• If the offering is the issuer’s first offering under Regulation Crowdfunding, financial statements reviewed, but not audited, by an independent public accountant; or
    • If the offering is not the issuer’s first offering under Regulation Crowdfunding, financial statements audited by an independent public accountant,

provided, however, that in any of the foregoing, if the issuer has reviewed or audited financial statements available, the issuer must provide those notwithstanding any lesser applicable option above.4

Material Changes and Progress Updates 

Issuers will be required to file reports through the SEC’s EDGAR system disclosing material changes, additions or updates to information that it provides to investors for any offering that has not yet been completed or terminated. What constitutes a material change, addition or update will be a facts-and-circumstances analysis. There is no specified filing deadline for reporting material changes, additions or updates. Instead, following any such reports, investors must reconfirm their investment commitment within five business days or have their orders automatically canceled.5

Moreover, Regulation Crowdfunding will require issuers to provide progress updates about the issuer’s progress toward meeting target offering amounts no later than five business days after the dates that an issuer reaches 50 and 100 percent of the target offering amount. If an issuer will accept proceeds in excess of the target offering amount, the issuer also would be required to provide a final progress update, no later than five business days after the offering deadline, disclosing the total amount of securities sold in the offering. The progress report updates may be satisfied if the relevant intermediary for the offering makes the progress updates publicly available on its platform. However, if the intermediary does not provide such an update, the issuer will be required to file the progress updates itself through the SEC’s EDGAR system. In addition, an issuer relying on the intermediary’s reports of progress must still file a final report through the SEC’s EDGAR system at the end of the offering to disclose the total amount of securities sold in the offering.6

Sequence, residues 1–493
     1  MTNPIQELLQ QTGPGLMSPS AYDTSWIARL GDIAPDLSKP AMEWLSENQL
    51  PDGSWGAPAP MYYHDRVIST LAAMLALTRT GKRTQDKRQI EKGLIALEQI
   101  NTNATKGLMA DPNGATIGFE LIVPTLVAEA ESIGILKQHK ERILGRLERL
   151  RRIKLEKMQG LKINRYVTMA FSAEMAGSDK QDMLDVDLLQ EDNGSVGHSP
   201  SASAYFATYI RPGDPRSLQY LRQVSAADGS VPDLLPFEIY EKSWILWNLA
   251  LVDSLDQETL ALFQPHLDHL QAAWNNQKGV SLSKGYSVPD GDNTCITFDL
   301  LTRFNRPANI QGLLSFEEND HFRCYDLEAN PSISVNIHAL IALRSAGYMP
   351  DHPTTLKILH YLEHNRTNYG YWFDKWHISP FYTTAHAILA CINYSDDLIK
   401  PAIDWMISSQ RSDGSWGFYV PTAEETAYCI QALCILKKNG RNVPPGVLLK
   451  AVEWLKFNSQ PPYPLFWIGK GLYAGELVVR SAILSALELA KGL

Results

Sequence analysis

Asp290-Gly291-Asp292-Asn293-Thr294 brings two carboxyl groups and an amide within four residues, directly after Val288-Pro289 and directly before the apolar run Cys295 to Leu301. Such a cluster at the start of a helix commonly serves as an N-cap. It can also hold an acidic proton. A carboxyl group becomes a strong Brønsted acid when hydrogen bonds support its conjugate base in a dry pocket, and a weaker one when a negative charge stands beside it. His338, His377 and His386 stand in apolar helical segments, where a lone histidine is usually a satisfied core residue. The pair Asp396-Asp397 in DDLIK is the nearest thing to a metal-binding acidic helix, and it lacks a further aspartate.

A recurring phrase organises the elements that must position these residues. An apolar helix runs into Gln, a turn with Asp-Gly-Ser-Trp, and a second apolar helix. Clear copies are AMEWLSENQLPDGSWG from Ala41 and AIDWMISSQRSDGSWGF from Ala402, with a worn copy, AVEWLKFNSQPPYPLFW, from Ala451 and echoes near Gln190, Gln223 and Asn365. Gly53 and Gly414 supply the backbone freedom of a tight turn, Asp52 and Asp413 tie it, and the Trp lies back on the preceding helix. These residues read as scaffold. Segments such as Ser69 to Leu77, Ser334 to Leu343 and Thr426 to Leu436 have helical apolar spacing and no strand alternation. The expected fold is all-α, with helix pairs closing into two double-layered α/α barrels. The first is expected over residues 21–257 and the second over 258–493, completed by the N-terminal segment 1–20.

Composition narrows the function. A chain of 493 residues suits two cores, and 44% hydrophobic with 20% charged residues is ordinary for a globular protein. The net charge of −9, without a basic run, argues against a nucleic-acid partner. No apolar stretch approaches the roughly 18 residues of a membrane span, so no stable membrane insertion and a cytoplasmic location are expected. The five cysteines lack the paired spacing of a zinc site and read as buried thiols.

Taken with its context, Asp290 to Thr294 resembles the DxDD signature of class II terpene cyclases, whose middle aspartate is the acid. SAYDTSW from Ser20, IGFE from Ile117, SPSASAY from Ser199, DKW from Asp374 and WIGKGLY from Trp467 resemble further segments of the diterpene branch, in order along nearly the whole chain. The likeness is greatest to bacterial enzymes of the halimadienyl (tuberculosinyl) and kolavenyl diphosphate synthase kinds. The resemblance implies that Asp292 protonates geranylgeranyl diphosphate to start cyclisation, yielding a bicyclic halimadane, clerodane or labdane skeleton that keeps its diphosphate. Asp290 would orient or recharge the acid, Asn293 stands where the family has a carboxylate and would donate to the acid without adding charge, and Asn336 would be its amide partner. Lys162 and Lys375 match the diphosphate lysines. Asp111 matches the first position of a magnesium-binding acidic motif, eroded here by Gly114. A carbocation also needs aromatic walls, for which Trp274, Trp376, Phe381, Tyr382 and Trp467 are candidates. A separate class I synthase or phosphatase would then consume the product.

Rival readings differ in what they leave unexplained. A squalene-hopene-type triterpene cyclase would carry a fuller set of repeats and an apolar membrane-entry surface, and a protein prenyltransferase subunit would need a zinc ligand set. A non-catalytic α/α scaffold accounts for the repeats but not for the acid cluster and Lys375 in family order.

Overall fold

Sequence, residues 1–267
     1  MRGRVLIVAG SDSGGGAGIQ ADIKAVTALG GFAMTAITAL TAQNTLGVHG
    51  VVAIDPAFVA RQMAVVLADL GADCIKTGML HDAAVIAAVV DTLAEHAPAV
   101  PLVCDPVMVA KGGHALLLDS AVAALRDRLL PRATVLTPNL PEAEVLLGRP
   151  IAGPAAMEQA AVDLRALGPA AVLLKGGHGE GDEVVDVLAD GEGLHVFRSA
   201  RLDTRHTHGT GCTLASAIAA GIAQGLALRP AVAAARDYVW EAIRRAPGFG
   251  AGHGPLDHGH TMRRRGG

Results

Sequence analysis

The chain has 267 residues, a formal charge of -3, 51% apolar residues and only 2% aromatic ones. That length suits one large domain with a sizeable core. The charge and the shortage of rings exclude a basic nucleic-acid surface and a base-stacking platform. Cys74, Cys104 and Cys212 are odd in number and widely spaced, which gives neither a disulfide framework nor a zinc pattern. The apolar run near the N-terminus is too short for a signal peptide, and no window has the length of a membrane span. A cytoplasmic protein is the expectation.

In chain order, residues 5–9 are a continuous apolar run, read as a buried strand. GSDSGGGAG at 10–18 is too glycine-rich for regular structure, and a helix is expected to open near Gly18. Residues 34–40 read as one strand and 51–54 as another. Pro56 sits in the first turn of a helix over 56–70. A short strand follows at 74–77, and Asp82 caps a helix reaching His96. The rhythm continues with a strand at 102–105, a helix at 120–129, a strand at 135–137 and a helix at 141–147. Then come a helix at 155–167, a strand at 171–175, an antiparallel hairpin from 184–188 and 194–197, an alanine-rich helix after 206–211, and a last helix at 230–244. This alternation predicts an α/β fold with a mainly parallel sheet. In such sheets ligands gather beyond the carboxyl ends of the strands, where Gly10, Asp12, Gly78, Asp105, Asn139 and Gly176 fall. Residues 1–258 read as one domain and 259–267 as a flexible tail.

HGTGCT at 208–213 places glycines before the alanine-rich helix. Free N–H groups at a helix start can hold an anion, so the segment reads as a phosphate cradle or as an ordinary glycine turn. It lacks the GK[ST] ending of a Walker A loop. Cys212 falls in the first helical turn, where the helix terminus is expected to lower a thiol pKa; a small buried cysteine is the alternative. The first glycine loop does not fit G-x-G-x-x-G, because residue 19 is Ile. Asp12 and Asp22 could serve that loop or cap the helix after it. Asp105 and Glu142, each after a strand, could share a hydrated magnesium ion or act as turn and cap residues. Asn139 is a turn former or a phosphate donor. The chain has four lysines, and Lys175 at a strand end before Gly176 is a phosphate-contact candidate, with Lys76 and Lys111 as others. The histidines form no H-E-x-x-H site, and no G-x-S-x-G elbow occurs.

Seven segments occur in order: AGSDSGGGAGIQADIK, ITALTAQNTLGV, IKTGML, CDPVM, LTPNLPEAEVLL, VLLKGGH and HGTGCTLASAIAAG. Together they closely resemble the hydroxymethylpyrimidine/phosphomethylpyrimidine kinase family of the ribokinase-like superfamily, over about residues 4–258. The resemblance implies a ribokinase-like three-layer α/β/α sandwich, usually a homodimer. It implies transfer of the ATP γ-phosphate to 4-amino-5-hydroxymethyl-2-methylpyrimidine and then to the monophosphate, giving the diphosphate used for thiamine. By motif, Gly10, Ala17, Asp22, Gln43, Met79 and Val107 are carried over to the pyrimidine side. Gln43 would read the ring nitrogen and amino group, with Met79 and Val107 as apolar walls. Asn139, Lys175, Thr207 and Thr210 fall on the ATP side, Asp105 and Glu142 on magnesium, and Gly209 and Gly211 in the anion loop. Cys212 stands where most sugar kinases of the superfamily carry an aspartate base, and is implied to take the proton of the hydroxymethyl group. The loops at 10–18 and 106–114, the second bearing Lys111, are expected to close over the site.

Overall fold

Ongoing Annual Report Requirements 

Issuers who want to utilize Regulation Crowdfunding also will be required to file (and post on their websites) annual reports covering most of the original information on Form C disclosed above, updated in all respects as applicable, by no later than 120 days after the end of each fiscal year.7 The primary difference between an annual report and the initial information provided is that the financial statements included for the most recent fiscal year with an annual report need only be certified by the principal executive officer of the issuer to be true and correct in all material respects (unless reviewed or audited financial statements are otherwise already available).  

Issuers who have utilized Regulation Crowdfunding will be required to continue to file (and post on their websites) annual reports each year until they become public, repurchase all securities issued pursuant to the crowdfunding exemption, or liquidate or dissolve.  Moreover, certain smaller issuers are provided other instances in which they will no longer have to provide annual reports:

  • The issuer has filed at least one other annual report, and has fewer than 300 holders of record; or
  • The issuer has filed at least three annual reports and has total assets that do not exceed $10,000,000.8

Read Part I and stay tuned for Part III of this three-part blog post.